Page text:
Last March, the Quebec Securities Commission (AMF) held a public consultation to discuss Equity Crowdfunding and its applicability. Our team has been working tirelessly since July for this moment. With “success stories” multiplying across the globe, we, too, want our SMEs and start-ups to benefit from this model. Enabling them to raise funds online and individuals to become investors without having 1M$ in assets. Angels and VCs around the table agreed that this model complements the existing ones, and that it is a necessary component to our ecosystem…”we fund 30 out of 1300 startups. What happens to the remaining 1270?” one angel asked.
You will find a recap of the session on our partner site, National Crowdfunding Association. The following outlines some of the principles raised in session and that you will find in our upcoming positioning paper:
- Notion of risk. A business is pitched on a crowdfunding portal. There is always a potential risk notably if the business is early stage (prototype, beta) that the investor may not see a return. The investor must be at ease with this and rely on his own knowledge or seek council. On the other end of the spectrum, a business that has sales to show for, will be expected to justify its valuation and have the figures to back it up. Transparency is key.
- Trust the crowd (unaccredited investors). We do not expect a perfect fit in year 1 of adoption. There will be growing pains as there were for e-commerce in the late 90’s. The important is to leverage these and build best practices. You may find investors that are not satisfied with their choices and may blame others. We believe that this learning phase will be a confidence builder and they will find, with time, better sources of advice on and off line.
- Higher Cap . To ensure a higher penetration rate and fulfill the needs of both start-ups and SMEs, we recommend raising the investment round to 1M$ on a 12-month period.
- Relying on social networks. This is where the paradigm shift must occur. I understand that it may hard to believe that online conversations can help detect fraudulent practices but it is a fact. As Kickstarter’s founder said, “People have called them out and they don’t get funding. The internet asks questions.”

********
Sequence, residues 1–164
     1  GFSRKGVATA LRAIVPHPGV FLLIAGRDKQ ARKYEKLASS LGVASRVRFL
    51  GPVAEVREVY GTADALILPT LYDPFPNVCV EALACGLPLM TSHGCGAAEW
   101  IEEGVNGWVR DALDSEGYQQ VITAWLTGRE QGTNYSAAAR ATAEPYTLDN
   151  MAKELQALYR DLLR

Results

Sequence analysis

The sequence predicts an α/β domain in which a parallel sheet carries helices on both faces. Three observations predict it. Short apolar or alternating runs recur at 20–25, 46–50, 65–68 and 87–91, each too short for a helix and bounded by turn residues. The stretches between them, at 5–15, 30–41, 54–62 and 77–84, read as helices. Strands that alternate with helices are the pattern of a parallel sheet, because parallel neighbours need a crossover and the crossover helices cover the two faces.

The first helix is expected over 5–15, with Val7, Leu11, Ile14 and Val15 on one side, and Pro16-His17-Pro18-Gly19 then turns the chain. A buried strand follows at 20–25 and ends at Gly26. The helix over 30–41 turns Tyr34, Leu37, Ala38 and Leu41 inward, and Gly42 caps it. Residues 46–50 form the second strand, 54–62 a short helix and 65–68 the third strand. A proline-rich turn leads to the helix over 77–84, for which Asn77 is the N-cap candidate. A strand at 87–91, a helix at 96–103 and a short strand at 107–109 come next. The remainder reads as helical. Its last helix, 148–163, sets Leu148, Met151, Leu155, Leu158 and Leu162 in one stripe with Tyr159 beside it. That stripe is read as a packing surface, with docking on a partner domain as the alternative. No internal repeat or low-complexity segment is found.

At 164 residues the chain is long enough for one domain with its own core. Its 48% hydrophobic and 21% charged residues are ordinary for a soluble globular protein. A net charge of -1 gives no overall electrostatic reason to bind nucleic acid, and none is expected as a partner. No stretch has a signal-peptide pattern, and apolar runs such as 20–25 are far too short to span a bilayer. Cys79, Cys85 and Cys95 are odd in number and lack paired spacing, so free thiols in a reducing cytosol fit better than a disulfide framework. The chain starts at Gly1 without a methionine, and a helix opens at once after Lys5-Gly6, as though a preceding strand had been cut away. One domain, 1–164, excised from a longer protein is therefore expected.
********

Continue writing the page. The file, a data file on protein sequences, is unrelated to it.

- The shareholders agreement generated much discussion among the securities lawyers present at the session. Experience shows that agreements are source of fraud either through restrictive clauses or fine print. Hence they believe that Invest crowdfunding may be the host of such practices. We recommend having standard shareholder agreements (same format for all) to reduce collateral dammage. This point remains to be discussed and should not be a barrier to adoption.
- The status of Equity Crowdfunding portals is an important issue.We believe that portals, as in England, France, Finland, Belgium and Australia, should stand as a matchmaking site – nothing more, leaving advisory to others. It is the investor’s responsibility to seek council (cf. point #2) and the issuer’s to pitch/explain in layman’s terms. To restrict portals to traders only or to restrict portal usage to accredited investors is taking the crowd out of crowdfunding. It’s VC online, as provided by FundersClub. Portals in Quebec, Ontario and Alberta are in the works . They are waiting for the green light.
At Invest Crowdfund Québec, we will continue our work with regulatory bodies and remain optimistic about the prospect of equity crowdfunding in Canada.